Texas Custody
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Texas Custody

Texas custody isn't hard to understand once you realize how the system in this state works.

And that's too bad, because what the politicians in Austin tell you about child custody in Texas isn't necessarily accurate.

The system isn't quite as fair as you'd like to believe.

If you look at the child custody guidelines in Texas, there will be references to "primary caretaker" and "more qualified" parent.

In none of the official guidelines will you find the intangible criteria actually used to establish child custody in the real world.

If you and your spouse can't decide child custody yourselves, the state of Texas will decide where your children live.

The establishment of child custody starts with filing a motion at your local Texas county family law courthouse.

Eventually, the county will assign a Texas custody evaluator to meet with all the parties involved; including the school, doctors, etc.

The county will conduct an evaluation to establish which of the two of you is the best parent for your children.

This process starts with an evaluation done by an assigned custody evaluator.

Even better, expect to be subjected to a psychological profile and at the end of this process, the custody evaluator will write a report and submit that to family court.

You'll also receive a copy of this evaluation report.

Many people think custody is determined by the judge in your case, the fact is custody is determined by the evaluator, not a judge.

The evaluators report is simply read by the judge and rubber stamped, because they know almost nothing about you, your spouse, your children, or your family situation.

Because the evaluator has conducted extensive research and issues a report, there's no way the judge will overrule the evaluators recommendation.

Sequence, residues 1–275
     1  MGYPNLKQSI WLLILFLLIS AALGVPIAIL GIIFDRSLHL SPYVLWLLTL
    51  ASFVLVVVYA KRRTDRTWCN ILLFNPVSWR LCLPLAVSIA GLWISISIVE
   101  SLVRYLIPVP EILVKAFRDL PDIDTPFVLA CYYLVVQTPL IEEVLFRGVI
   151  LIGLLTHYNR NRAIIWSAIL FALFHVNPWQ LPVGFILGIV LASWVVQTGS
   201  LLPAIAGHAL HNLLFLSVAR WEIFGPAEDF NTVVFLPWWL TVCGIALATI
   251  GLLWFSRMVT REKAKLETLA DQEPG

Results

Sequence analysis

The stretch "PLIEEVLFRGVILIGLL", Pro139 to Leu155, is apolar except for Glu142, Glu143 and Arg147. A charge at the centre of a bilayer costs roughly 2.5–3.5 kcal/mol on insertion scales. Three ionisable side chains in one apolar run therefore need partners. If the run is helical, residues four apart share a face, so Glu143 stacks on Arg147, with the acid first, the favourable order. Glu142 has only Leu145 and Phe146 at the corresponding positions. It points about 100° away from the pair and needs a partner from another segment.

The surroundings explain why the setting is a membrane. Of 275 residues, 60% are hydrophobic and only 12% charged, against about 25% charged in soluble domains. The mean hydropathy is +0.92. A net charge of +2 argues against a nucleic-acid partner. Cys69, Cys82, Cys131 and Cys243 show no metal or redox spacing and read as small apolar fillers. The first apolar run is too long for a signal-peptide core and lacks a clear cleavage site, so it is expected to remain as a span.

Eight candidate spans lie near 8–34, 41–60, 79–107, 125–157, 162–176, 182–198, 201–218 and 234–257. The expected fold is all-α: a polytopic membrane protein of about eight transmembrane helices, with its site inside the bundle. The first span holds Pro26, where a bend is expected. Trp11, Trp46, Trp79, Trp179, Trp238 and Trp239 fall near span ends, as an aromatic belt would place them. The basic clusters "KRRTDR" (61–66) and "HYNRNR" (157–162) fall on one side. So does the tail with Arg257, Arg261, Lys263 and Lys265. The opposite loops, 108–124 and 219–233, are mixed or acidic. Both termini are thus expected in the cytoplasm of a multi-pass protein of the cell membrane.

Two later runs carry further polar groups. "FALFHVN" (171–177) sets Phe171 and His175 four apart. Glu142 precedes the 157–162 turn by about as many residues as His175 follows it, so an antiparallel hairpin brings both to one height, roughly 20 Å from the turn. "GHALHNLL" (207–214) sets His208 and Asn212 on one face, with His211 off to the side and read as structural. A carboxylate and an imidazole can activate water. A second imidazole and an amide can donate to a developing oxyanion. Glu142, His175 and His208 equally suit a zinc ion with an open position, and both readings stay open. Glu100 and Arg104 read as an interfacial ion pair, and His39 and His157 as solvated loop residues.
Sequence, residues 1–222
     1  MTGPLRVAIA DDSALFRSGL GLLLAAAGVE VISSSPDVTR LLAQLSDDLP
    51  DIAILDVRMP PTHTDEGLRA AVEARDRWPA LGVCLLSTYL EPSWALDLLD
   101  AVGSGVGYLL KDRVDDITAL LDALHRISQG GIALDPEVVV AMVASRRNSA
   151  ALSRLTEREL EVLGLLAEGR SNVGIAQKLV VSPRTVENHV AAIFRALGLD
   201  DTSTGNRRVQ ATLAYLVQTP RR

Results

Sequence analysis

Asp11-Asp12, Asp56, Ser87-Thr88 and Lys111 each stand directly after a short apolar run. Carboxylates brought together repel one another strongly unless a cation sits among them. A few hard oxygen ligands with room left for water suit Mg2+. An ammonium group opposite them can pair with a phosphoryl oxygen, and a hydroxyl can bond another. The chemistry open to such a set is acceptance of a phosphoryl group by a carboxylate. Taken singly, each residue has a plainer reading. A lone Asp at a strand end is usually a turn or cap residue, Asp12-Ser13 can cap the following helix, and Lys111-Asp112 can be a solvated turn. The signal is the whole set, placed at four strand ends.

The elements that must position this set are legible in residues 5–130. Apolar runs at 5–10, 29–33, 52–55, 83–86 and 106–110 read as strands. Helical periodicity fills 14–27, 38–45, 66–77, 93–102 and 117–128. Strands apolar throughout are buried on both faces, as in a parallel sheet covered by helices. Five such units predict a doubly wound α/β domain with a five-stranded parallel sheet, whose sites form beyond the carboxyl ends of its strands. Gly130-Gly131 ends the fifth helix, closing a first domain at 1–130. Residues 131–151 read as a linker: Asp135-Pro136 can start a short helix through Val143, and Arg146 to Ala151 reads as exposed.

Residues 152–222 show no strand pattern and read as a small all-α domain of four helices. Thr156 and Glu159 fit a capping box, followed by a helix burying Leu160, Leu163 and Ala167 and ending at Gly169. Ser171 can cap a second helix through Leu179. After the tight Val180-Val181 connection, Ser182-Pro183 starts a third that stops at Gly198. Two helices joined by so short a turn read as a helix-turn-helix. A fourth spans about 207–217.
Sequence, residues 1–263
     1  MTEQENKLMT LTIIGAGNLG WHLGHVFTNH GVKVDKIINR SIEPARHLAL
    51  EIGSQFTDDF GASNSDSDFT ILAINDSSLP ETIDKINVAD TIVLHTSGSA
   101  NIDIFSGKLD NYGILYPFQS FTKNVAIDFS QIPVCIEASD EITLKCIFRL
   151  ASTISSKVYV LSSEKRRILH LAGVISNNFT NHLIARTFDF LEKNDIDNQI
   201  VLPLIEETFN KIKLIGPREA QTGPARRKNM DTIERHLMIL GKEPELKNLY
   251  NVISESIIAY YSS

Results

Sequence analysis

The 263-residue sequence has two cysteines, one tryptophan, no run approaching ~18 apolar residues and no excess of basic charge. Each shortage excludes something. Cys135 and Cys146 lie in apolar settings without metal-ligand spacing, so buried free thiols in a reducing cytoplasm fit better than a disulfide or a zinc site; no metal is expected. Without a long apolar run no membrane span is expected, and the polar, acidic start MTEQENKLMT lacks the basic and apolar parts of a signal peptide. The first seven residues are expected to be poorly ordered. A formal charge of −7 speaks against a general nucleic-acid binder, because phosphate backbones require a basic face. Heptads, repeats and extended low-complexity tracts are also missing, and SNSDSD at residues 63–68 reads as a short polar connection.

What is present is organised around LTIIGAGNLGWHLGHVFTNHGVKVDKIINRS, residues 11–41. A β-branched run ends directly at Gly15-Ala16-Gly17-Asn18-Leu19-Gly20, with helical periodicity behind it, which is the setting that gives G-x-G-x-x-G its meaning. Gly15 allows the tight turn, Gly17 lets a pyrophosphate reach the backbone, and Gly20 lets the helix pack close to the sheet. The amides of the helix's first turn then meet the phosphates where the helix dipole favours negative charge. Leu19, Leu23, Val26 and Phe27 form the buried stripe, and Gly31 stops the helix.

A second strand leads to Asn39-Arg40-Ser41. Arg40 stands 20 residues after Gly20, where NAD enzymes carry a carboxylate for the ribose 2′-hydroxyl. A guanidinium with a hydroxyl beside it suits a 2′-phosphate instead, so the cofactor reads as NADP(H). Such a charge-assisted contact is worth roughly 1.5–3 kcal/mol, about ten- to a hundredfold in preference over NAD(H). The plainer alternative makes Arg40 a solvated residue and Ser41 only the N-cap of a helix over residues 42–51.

In a highly contested dispute, a judge will order the guardian ad litem to protect the children's interests during the custody evaluation.

A guardian ad litem doesn't determine custody, but will act as a advocate of the children to ensure the children's interests are protected while you and your spouse argue about custody.

The guardian ad litem can be a either a lawyer or social worker as long as they are approved by the court and there are private guardians along with public ones employed by your local Texas county.

Private guardians charge from $50 per hour to $400, where a public guardian ad litem will generally charge less.

Typically each spouse shares the cost of the guardian.

If you can't afford a guardian, often one will be provided free of change.

If you want your Texas custody case executed properly, Matt O'Connell's divorce guide is the ultimate resource for you. Matt O'Connell is the leading expert on the Internet and has been providing divorce advice in Texas since 2005.

Matt is the leading expert on the Internet and has been providing divorce advice since 2005.

In his guide, he details the entire divorce process and common pitfalls.

Even if you're using a attorney, his advice will still save you thousands and get you a better result.

So Click Here to give Matt's advice a try.